Content of the article: "Games of Political Intrigue: Information sharing and Metacharacters, or how I stopped writing mystery novels and started facilitating gameplay"
TL;DR: Be open and free with all the information your players' characters would know, then help them understand at least a basic web of factions and motivations for them to poke at. Through this, empower them to make detailed, considered decisions to meaningfully affect the game world around them.
How information behaves in a TTRPG
I began my TTRPG days in Cyberpunk 2020, first as a boilerplate Solo, then as a fledgling GM, then as an experienced GM after a decade of practice. Corporate intrigue (and political intrigue in general) is my bread and butter. I wasn't always very good at setting it up, though. Especially in my early years of GMing, I often fell victim to the notion of withholding information being a good thing. While this habit of information rationing comes from the authorial view of storytelling (how much information do you, the author, let slip to the audience), TTRPG storytelling is subtly different in that it is interactive and not predetermined, and that trait makes information matter in a far different way:
In fiction, especially adventure stories and mystery novels, gathering details and learning what's really going on is the juice. We as the reader passively trust that the author will make everything fit together in the end, and gathering information brings us closer to the satisfaction of understanding how the entire story works as an arc, moving from beginning to middle to end. Suspense comes from an information vacuum, from not knowing what is around the figurative corner.
In TTRPGs, making decisions and seeing their consequences is the juice. We as players actively poke the world to see what ripples we can cause, and gathering information in and of itself doesn't get us closer to anything, it just gives us more context in which to decide what to poke. Suspense comes from the opportunity cost of making decisions, from knowing that you can't quickload your way back to a prior save if you don't like the outcome of your choices.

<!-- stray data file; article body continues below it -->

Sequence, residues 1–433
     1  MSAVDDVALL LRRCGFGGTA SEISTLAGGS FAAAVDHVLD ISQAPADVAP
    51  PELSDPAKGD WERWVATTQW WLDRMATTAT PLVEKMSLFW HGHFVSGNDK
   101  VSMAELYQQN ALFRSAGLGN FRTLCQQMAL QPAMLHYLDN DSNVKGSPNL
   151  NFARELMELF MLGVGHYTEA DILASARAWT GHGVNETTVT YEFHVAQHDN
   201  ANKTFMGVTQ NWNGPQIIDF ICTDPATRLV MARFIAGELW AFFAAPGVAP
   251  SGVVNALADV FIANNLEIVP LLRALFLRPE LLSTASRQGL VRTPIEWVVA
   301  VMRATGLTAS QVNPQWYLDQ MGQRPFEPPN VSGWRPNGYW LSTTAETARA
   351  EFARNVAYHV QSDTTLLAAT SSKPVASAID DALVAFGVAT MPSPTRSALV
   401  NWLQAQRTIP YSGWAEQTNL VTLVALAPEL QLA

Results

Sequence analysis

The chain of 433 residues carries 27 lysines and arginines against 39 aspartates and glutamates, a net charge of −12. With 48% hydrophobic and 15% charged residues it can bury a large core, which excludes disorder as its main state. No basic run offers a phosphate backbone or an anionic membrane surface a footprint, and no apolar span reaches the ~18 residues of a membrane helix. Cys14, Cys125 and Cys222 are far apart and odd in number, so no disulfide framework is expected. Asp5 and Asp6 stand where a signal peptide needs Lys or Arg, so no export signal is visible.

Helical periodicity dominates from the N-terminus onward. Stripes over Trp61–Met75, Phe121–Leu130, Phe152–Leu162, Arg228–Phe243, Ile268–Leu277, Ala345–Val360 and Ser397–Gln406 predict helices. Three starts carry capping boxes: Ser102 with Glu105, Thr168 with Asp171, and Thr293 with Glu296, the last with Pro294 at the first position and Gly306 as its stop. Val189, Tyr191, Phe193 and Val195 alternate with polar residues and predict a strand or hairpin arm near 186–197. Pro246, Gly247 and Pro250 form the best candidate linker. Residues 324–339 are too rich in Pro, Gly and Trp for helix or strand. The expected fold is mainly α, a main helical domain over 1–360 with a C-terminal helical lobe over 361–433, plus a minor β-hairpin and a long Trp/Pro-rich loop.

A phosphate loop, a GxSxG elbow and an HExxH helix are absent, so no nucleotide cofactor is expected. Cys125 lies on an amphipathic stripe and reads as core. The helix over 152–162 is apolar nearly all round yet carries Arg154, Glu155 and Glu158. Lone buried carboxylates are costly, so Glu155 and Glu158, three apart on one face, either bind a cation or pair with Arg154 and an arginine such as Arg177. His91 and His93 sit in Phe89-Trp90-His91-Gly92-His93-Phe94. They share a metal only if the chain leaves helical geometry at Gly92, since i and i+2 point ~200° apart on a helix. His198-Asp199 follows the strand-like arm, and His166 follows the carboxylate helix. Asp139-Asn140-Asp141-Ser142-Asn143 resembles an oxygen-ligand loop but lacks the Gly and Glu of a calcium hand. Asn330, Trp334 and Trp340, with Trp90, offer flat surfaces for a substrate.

Given this difference, the way I set up complex political webs with which my players can interact is in two steps:
1. Be absolutely free with all the information that a character would know.
Does this seem worrisomely transparent? Again, we're not writing a mystery novel. The more information we give the players from their characters' perspectives, the more interesting and complex decisions they can make to affect the world. Remember when a video game forced us to make a choice and the result was completely counter-intuitive or the choice didn't matter to us, because the game devs
pulled The Catalyst straight outta their ass didn't give us any meaningful information about that choice? Don't make that happen to our players.
Be liberal with character interactions and history / investigation / perception / insight rolls. Let the players see all sorts of things happening that they can potentially piece together into solid understandings of What's Going On. Sure, don't spoonfeed them, but spoonfeeding is preferable to intentionally withholding information that their characters should be able to suss out by talking to the right person or pulling the right thread. Get creative and use your players' character hooks to feed them information from a bunch of different perspectives, use coincidences and atmospheric fluff to convey even more context and information. Information is king in a political game, so afford your characters plenty of opportunities to earn a bunch of it for their own use.
2. Map the Metacharacters
Metacharacters are important to understand. Basically, the body-politic of each major political faction can be represented at the macro level by a "metacharacter," with its own goals, its own assets and resources, and its own plans to use those resources to pursue those goals. Furthermore, each metacharacter is made up of a few key components:
The Head: Whoever is making the ultimate decisions for the metacharacter, be they an individual or a group (e.g. Lord Chivet, the local head of operations for Cambior Mining Corporation).
The Hands: Easily broken down into Right and Left, these are the two or three key personalities who help The Head enact whatever decisions they make. (e.g., Baron Velikhov, manager of the Cambior ore processing plant; Honor, the leader of their internal security; Jebediah Keller, captain of a mercenary company)